Conclusions: More northerly distributions during MCO and Eocene probably were determined by temperature. In contrast, fossil occurrences in areas that are arid or semi‐humid today were determined by maritime conditions in these areas (western North America, Central Asia) during the Cenozoic.

    Download full text (pdf)
    Denk & Bouchal 2021_Fagaceae Söby
  • 16.
    Denk, Thomas
    et al.
    Swedish Museum of Natural History, Department of Paleobiology. Department of Palaeobiology Swedish Museum of Natural History Box 50007 10405 Stockholm Sweden.
    Bouchal, Johannes M.
    Department of Botany and Biodiversity Research University of Vienna 1030 Vienna Austria.
    Güner, H. Tuncay
    Department of Forest Botany, Faculty of Forestry Istanbul University‐Cerrahpaşa 34473 Bahçeköy Istanbul Turkey.
    Coiro, Mario
    Department of Palaeontology University of Vienna 1090 Vienna Austria;Ronin Institute for Independent Scholarship Montclair NJ 07043-2314 USA.
    Butzmann, Rainer
    Independent Researcher Fuggerstraße 8 81373 Munich Germany.
    Pigg, Kathleen B.
    School of Life Sciences and Biodiversity Knowledge Integration Center Arizona State University Box 874501 Tempe AZ 85287‐4501 USA.
    Tiffney, Bruce H.
    Department of Earth Science and College of Creative Studies University of California Santa Barbara CA 93106 USA.
    Cenozoic migration of a desert plant lineage across the North Atlantic2023In: New Phytologist, ISSN 0028-646X, E-ISSN 1469-8137, Vol. 238, no 6, p. 2668-2684Article in journal (Refereed)
    Abstract [en]

    Previous paleobotanical work concluded that Paleogene elements of the sclerophyllous subhumid vegetation of western Eurasia and western North America were endemic to these disjunct regions, suggesting that the southern areas of the Holarctic flora were isolated at that time. Consequently, molecular studies invoked either parallel adaptation to dry climates from related ancestors, or long-distance dispersal in explaining disjunctions between the two regions, dismissing the contemporaneous migration of dry-adapted lineages via land bridges as unlikely.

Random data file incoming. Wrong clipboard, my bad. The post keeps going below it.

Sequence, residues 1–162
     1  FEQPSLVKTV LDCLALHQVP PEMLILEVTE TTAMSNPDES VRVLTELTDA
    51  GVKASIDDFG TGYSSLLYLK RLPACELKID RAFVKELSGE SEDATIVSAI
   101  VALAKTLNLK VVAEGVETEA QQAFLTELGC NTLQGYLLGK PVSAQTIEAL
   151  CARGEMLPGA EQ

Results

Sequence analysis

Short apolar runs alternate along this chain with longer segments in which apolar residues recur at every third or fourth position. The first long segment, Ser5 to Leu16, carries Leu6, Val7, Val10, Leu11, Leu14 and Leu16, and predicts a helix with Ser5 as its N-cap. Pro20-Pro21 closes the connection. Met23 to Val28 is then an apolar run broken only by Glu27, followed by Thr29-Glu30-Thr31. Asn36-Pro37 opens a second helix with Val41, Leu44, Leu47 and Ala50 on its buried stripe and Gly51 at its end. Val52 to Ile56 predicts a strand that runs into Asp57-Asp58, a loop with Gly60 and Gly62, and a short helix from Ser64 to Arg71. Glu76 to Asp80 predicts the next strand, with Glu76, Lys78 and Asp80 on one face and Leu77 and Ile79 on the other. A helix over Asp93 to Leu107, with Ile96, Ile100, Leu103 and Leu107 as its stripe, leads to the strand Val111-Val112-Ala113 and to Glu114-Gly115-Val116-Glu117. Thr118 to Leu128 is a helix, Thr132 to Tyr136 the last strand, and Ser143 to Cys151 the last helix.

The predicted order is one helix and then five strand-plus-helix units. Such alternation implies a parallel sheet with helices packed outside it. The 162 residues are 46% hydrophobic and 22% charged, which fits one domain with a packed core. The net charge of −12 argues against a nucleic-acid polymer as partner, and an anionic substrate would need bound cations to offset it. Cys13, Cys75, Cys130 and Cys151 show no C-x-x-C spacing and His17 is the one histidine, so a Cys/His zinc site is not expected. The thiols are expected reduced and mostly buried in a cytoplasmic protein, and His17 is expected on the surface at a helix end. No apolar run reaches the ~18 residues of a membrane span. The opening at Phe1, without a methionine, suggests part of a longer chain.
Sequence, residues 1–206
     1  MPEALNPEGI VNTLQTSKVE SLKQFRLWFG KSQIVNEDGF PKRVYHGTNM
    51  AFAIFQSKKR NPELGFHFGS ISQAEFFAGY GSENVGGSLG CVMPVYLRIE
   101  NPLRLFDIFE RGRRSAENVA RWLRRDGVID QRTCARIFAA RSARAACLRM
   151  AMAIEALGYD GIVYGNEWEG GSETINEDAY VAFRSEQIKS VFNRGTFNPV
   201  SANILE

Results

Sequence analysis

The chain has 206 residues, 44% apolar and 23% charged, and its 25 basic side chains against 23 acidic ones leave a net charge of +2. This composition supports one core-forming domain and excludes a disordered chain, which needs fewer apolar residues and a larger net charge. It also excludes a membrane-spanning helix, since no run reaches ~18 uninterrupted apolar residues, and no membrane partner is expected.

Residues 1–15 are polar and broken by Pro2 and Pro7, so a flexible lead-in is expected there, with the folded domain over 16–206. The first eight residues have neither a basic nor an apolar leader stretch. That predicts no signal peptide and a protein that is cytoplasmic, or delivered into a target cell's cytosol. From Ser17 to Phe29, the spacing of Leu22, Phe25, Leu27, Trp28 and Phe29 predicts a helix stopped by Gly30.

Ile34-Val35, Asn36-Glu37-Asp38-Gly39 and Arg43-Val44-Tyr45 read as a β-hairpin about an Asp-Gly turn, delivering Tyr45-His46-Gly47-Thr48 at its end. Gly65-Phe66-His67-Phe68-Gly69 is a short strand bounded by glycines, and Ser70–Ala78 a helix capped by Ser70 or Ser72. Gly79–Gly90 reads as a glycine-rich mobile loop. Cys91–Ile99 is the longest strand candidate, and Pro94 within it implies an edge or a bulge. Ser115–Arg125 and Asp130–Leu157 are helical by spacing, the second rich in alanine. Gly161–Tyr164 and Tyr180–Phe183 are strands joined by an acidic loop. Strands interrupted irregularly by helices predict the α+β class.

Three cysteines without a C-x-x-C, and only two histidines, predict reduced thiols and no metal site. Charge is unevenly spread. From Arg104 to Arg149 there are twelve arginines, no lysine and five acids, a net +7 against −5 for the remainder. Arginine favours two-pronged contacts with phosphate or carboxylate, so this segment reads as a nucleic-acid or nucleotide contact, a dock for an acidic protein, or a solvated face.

We report Vauquelinia (Rosaceae), currently endemic to western North America, in Cenozoic strata of western Eurasia. Revision of North American fossils previously assigned to Vauquelinia confirmed a single fossil-species of Vauquelinia and one of its close relative Kageneckia.

    We established taxonomic relationships of fossil-taxa using diagnostic character combinations shared with modern species and constructed a time-calibrated phylogeny.

    The fossil record suggests that Vauquelinia, currently endemic to arid and subdesert environments, originated under seasonally arid climates in the Eocene of western North America and subsequently crossed the Paleogene North Atlantic land bridge (NALB) to Europe. This pattern is replicated by other sclerophyllous, dry-adapted and warmth-loving plants, suggesting that several of these taxa potentially crossed the North Atlantic via the NALB during Eocene times.

    Download full text (pdf)
    Denk et al 2023 Vauquelinia
  • 17.
    Denk, Thomas
    et al.
    Swedish Museum of Natural History, Department of Paleobiology.
    Bouchal, Johannes M.
    Smirnov, Pavel
    Trubin, Yaruslav
    Late Oligocene leaf and pollen flora of Southwestern Siberia: taxonomy, biogeography and palaeoenvironments2021In: Historical Biology, ISSN 0891-2963, E-ISSN 1029-2381, Vol. 33, p. 2951-2976Article in journal (Refereed)
    Abstract [en]